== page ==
The book I just got done reading made a reference to a murder of a Chicago police officer. So I used the googler to find out more about this case. I found a great article, written way back in 1989. A lot of the issues that the article raises are still valid today. It's an interesting read. A bit long, more of a novella. I find these after the fact articles interesting. Lots of people knew there was an issue but figured someone else would intervene. Then when the facts start coming out, people deny that they had information or contradict other people's accounts of events.

The entire article is here.

Not that it is relevant to this case but the dead officer is the granddaughter of Elijah Muhammad, of the nation of islam.

Here's some excerpts:
This was hardly the first time Ed had given Selena reason to fear him. He had beaten her periodically during most of their 15 years of marriage. The past January, he had cracked a few of her teeth with a pop to the jaw. Selena had tolerated the beatings and stuck with him, partly for the sake of their two young children
"I'm not a loser, Joe," Ed frequently told Avila and other members of the tac team. "I went through one divorce. She's not gonna leave me.""What do you mean?" Avila would ask him.
"If I can't have her, nobody's gonna have her."
But she doubted she'd get any assistance; by then, her trust in police had evaporated, and she seemed resigned to her fate. She gave a copy of the letter to a friend, with instructions to make it public if anything happened to her "so everyone will know I exhausted all avenues to get help. I don't know where else to turn." She told the friend she was mailing copies to Ed's commander, to her commander, and to the Internal Affairs Division (IAD), which is responsible, along with the Office of Professional Standards (OPS), for reviewing complaints against department members.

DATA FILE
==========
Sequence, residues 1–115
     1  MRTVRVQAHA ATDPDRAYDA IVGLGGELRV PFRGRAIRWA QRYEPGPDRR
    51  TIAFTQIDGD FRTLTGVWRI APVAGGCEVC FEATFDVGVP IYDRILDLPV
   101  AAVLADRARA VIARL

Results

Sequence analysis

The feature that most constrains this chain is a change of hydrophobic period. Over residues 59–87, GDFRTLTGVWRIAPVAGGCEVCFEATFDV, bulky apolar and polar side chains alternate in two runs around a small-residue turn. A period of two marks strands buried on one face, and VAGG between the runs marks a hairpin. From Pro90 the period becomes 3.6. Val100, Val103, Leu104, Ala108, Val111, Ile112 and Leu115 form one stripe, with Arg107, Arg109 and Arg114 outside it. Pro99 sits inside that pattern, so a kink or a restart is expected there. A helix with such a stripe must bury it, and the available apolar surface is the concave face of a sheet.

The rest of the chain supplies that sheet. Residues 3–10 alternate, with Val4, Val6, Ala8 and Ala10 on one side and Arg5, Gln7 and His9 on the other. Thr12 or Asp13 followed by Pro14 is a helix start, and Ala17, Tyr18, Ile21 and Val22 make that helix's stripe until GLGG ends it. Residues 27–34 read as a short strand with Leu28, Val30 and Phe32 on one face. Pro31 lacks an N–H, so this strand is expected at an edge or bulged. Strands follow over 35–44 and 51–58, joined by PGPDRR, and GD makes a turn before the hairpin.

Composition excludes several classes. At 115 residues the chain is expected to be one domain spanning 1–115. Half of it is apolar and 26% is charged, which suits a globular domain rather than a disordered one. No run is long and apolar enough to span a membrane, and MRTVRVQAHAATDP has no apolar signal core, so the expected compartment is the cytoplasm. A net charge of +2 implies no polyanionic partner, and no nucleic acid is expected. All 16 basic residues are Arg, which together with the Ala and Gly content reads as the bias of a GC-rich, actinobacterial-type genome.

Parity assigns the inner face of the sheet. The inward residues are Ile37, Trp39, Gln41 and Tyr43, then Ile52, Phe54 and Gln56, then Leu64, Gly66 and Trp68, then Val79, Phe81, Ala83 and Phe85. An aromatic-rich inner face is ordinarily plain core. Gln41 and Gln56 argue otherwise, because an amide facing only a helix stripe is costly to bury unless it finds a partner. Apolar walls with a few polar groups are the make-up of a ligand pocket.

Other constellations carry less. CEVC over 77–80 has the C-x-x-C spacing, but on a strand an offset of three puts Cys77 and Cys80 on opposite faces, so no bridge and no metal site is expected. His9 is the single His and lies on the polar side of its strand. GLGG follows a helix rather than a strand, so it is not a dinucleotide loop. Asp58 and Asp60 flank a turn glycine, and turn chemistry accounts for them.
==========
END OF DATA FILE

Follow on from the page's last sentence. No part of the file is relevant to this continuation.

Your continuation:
She told friends she first talked to her own commander, George Sams, and that he referred her to Ed's commander, James Ivory. Sams says Selena never told him of her problems with Ed.

Avila told Sergeant Bonds how Ed had broken down. Bonds says he, in turn, told his immediate' supervisor--Lieutenant Willie Evans--what had happened, and that Evans then conferred with Ed.
Evans says Bonds never told him about Ed breaking down; he says he didn't confer with Ed that day; he says he didn't learn until after the homicide/suicide that Ed had been making threats.

In such cases, a supervisor can decide that an attempt to arrest should be made. Nimocks notified the supervisor on duty in his district, Sergeant George Boone. Boone would not discuss the matter directly with me; but he told police spokesperson Vicini he didn't have Ed arrested because Selena was unwilling to sign a complaint against him. I asked Officer Nimocks whether Selena had wanted Ed arrested. "I can't answer any questions about that," Nimocks said. "I could get jammed on this."